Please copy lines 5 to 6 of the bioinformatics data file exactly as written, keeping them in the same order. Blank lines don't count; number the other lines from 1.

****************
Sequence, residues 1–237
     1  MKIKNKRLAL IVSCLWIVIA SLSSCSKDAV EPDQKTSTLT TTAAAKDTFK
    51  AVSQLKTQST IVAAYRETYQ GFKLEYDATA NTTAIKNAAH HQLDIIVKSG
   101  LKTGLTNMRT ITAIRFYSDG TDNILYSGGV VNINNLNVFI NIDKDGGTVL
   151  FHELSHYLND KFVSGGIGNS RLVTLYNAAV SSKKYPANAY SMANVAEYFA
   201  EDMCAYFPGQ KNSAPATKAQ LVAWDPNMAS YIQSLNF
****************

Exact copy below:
   151  FHELSHYLND KFVSGGIGNS RLVTLYNAAV SSKKYPANAY SMANVAEYFA
   201  EDMCAYFPGQ KNSAPATKAQ LVAWDPNMAS YIQSLNF